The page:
Hitchhiking on my First Solo Trip to Spiti Valley.

My first solo trip to Spiti Valley was filled with many firsts, including hitchhiking in India for the first time! Come along?

As I walk along the green fields of Pin Valley, I smile in delight at the pink, purple and yellow flowers in bloom. I haven’t seen greenery for the last 3 weeks in the mountain desert terrain of Spiti.

I carefully walk across the fragile bridge across the Spiti River, to the village of Gulling. The goal is to hitchhike my way back to Kaza, Spiti’s capital, instead of waiting for a bus that may / may not show up the next morning.

Also read: I Love Spiti – A Campaign to Save Spiti Valley from Single Use Plastic

pin valley
Solo trip to Spiti Valley | The bridge to Gulling.

I have never hitch-hiked in India before. It would be a parent’s worst nightmare for their 23-year-old daughter in the northern cities of India. But my time in Spiti has convinced me that there isn’t a safer alternative to travel the region. The mountain people welcome you with big hearts, space or no space. And it’s a great way to meet fellow mountain travelers.

As I reach Gulling, I’m greeted by a gorgeous view of green slopes topped by snow-capped peaks, some of which have melted into swift waterfalls. The aroma of freshly cooked breakfast draws me in to a little dhaba. I chat with the cook as he whips up breakfast, and ask him if any cars will be heading to Kaza soon.

Immediately, he calls out to an elderly gentleman, who in turn, summons some boys to find me a ride. By the time breakfast is done, the entire village is scrambling around to find a way to get me to Kaza.

Also read: 10 Offbeat Things to do in Spiti Valley

pin valley national park
Solo trip to Spiti Valley | The green of Pin Valley.

The cook invites me to take refuge in the shade of his dhaba for the few or many hours before a car passes by their humble village. But I insist on taking my restless self to walk the single road of the village under the trees.

As I stroll along, every passer-by has a smile to give and help to offer. A young man tries to initiate a conversation in English. I oblige, and gradually break into Hindi, to which he seems surprised.

Immediately, he insists that I join him for tea, and as I run out of excuses, I follow him into a shed by the roadside. He calls a boy and tells him to make us his best tea. As the boy heads out, I look at the tattered, isolated surroundings of the shed.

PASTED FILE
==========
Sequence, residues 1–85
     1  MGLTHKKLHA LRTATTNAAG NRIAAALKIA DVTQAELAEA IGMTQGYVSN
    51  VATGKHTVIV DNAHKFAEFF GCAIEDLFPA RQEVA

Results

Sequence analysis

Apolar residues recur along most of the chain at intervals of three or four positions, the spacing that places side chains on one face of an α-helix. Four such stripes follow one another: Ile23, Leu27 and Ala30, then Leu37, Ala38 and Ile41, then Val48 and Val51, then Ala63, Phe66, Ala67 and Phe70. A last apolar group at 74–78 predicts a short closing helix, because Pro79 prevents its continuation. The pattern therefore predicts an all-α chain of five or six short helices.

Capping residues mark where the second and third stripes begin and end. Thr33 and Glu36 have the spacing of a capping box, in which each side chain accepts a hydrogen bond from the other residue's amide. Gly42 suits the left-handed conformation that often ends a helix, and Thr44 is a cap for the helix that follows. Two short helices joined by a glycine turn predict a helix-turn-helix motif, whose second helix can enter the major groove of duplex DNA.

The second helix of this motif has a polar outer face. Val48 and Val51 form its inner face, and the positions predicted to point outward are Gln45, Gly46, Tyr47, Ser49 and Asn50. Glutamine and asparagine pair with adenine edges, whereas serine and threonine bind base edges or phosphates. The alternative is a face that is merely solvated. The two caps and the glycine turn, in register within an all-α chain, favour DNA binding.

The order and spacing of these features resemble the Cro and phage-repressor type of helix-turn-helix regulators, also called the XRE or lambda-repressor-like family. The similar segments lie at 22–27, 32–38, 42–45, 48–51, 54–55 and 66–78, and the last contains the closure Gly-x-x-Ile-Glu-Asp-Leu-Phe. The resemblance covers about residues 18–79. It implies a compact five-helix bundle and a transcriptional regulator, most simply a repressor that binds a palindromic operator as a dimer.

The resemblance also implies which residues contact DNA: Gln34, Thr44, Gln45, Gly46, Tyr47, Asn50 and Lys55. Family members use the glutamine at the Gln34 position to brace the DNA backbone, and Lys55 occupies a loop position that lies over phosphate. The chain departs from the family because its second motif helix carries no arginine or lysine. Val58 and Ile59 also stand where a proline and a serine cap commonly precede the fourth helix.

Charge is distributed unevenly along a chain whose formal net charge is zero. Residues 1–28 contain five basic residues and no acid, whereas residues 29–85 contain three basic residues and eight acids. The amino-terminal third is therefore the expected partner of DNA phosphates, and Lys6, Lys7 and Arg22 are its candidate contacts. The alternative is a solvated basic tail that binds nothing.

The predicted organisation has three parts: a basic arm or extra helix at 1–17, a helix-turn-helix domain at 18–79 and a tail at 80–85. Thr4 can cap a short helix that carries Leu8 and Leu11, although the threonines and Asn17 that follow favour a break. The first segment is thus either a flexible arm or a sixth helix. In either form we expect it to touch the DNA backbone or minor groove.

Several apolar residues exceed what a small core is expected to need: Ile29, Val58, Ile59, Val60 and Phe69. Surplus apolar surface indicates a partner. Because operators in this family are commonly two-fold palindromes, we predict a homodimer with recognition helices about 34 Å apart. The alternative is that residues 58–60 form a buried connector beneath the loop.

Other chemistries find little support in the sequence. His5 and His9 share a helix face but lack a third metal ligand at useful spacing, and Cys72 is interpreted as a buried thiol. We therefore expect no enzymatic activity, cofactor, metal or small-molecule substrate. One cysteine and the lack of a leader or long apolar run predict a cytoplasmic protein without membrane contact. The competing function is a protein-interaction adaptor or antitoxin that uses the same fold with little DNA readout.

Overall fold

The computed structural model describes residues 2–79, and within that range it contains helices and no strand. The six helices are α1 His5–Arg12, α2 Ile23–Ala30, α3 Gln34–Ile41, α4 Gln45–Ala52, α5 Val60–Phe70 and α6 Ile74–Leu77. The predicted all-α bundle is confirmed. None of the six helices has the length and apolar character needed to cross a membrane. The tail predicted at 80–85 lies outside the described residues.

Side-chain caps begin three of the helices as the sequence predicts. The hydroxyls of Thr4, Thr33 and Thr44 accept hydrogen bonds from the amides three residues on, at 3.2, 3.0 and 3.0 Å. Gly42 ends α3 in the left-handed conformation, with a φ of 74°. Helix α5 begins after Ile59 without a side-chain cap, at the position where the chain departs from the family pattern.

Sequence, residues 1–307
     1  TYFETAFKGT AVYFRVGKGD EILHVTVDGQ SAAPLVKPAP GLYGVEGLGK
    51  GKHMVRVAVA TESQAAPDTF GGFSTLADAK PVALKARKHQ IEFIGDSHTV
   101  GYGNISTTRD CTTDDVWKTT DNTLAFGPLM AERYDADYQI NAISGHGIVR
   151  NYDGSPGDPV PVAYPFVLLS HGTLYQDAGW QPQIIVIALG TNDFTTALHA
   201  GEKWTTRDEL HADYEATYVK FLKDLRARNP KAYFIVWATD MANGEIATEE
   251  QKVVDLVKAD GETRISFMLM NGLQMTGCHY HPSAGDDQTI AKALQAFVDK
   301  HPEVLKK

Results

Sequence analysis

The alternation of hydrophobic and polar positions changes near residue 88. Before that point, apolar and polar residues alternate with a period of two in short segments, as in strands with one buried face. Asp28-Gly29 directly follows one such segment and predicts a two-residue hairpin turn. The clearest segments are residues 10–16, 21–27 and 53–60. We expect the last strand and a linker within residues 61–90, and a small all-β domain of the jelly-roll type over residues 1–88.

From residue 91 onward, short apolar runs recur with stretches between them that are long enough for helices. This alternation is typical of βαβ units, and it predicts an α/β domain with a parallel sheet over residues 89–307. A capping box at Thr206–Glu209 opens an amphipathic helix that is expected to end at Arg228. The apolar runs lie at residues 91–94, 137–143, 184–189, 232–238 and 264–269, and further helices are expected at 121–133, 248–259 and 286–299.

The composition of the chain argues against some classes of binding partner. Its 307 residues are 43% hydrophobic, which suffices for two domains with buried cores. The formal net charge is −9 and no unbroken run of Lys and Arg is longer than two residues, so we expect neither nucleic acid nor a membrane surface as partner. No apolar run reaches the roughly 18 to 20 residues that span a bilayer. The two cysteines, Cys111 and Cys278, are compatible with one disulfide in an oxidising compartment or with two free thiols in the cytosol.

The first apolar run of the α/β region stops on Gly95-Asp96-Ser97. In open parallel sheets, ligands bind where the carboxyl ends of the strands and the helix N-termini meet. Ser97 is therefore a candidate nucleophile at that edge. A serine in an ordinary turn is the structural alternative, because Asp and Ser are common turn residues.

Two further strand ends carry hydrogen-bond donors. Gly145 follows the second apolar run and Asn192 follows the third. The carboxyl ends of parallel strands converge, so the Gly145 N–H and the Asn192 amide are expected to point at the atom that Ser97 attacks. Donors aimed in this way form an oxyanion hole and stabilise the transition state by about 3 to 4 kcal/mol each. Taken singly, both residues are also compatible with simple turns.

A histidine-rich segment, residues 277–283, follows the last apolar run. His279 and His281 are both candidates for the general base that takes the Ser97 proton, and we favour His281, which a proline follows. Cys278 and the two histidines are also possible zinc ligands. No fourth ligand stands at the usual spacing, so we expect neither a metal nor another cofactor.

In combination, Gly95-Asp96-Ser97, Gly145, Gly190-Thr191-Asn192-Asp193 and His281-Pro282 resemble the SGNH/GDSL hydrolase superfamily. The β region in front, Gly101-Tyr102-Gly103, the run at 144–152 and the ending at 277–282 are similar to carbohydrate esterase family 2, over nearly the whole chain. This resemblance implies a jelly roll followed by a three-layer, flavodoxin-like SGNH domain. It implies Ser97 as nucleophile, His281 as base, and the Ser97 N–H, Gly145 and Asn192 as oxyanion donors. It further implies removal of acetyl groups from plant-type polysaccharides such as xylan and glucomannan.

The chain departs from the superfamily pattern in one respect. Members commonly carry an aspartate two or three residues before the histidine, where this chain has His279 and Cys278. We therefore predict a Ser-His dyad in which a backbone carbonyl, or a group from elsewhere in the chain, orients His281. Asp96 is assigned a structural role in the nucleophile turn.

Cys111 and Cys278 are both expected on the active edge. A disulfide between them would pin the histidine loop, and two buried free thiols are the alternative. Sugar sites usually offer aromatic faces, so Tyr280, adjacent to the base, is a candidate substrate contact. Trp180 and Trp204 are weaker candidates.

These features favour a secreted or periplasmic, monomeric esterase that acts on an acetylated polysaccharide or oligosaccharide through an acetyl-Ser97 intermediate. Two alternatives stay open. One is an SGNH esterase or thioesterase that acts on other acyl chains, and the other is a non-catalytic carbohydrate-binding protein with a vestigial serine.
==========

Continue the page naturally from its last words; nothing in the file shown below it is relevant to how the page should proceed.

Over the next hour, I hear everything about this man and his family, his entrepreneurial spirit, and his move to Pin Valley many years ago. It’s only in Spiti, I think to myself, that my eyes didn’t subconsciously dart around for escape routes.

Also read: How Volunteering in Spiti Led me to the Women in Red

solo trip to spiti valley
Solo trip to Spiti Valley | A trip of many firsts!

I find a ride just after noon. As we drive through the precarious mountain roads, with the majestic Himalayas watching over us, I feel glad, yet again, that Spiti has salvaged the notion of atithi devo bhava for me. All the world has heard of Indian hospitality, but living in the cities made it seem like a hoax.

Typically, Spiti’s mountain villages have a population of merely 50-100 people in a dozen or less households. They are often 5-10 hour hikes away from Kaza, Spiti’s administrative headquarter. Perhaps it is this unique geography that hasn’t allowed the peculiarities of urban India to seep into its hospitable culture.

Also read: Why Travelling Solo in India is Not So Scary

spiti valley, spiti valley hitchhiking, solo trip to spiti valley, is spiti safe
Solo trip to Spiti Valley | Remote Himalayan villages.

Are you planning a solo trip to Spiti Valley? What’s stopping you?

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  1. midaevalmaiden says:

    I just read the post on Clay. Do ever keep a weapon with you when do these kinds of solo travels in the middle of no-where? I thought of it when you describes the man who served you tea at his shack.

    1. Sara, I was exactly trying to make that point. I wouldn’t dare do this sort of thing in any other part of India, and definitely not without a taser or something. But in Spiti, the people are so genuinely kind that the thought didn’t even enter my mind!

      1. midaevalmaiden says:

        Thats why I like people and life from distant countries as much as I do. They have not been tainted by civilisation. They treat all people as family and appreciate the simple things (wich are also the most important things) I could so easily enjoy that lifestyle forever.

        1. Me too, atleast that’s what I think, though forever is a long long time 🙂 Sometimes I think it’s ironic how civilization is what taints civilization.

  2. Hi Shivya,
    I always visit your website and I really love the content. Thank you for sharing such beneficial articles!

  3. Hi Shivya

    I want to read this complete article but not able to find the page on club mahindra site. Can you pls share the link?

  4. An exhilarating read! Hitchhiking through Spiti Valley on your first solo trip is a daring adventure. Your recount captures the thrill, spontaneity, and breathtaking landscapes, making me feel like I’m right there with you. Truly inspiring for fellow solo travelers!

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